Seoul Says N. Korea Asked to Delay Pompeo Talksإقرأ هذا الخبر بالعربية
North Korea asked the United States to delay planned high-level talks in New York this week, Seoul's top diplomat said Thursday, a day after Washington abruptly announced the meeting's postponement.
The US State Department said Wednesday that the encounter between Secretary of State Mike Pompeo and top North Korean official Kim Yong Chol, initially scheduled for Thursday, had been shelved for "a later date".
No further explanation was given, but Pyongyang is demanding sanctions imposed on it over its weapons programmes are eased, while Washington insists they should stay in place until it denuclearises.
South Korean foreign Minister Kang Kyung-wha said it was Pyongyang that had asked for a delay.
"The US told us that it received a message from the North to postpone the meeting," Kang told lawmakers, according to Yonhap news agency.
South Korean reports said that Kim -- one of North Korean leader Kim Jong Un's right-hand men -- had been scheduled to catch a lunchtime flight from Beijing to New York on Wednesday.
But his reservation was repeatedly cancelled and rebooked on Tuesday, the Chosun Ilbo newspaper reported, until it was cancelled for good.
The sudden postponement came only two days after the US State Department announced Pompeo would meet the North Korean in New York to discuss progress towards denuclearisation and plans for a second summit between President Donald Trump and leader Kim Jong Un.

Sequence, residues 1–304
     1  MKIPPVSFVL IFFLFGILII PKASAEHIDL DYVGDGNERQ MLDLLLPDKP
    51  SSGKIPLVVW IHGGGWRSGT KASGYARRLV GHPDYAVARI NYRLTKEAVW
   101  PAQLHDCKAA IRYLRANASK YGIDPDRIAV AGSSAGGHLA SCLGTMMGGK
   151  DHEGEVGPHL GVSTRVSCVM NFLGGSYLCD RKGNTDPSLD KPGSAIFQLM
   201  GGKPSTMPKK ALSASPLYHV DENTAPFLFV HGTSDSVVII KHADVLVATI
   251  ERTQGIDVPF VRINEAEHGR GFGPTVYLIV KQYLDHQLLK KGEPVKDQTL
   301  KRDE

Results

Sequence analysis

Trump and Kim held a historic summit in June in Singapore -- the first ever between the two countries -- where they signed a vaguely worded deal on denuclearisation.
Little progress has been made since then, with the two countries sparring over the exact meaning of the agreement.
Despite warm words from Trump since meeting Kim in Singapore, his administration has insisted on maintaining pressure on Pyongyang until a final agreement is reached.
North Korea, which is subject to multiple UN Security Council sanctions over its weapons programmes, warned last week that it would "seriously" consider returning to nuclear weapons development unless Washington lifts the restrictions.
Koo Kab-woo of the University of North Korean Studies said that the differences over sanctions were probably the "biggest reason" for the postponement.
"Kim Jong Un needs a visible outcome that can be felt by the ordinary people, and for that, North Korea desperately needs sanctions to be lifted," Koo told AFP.
"If there was a problem, it's possible there was a clash between Pyongyang's demand for sanctions to be relaxed even by a little bit and Washington's firm stance that the restrictions will remain," he added.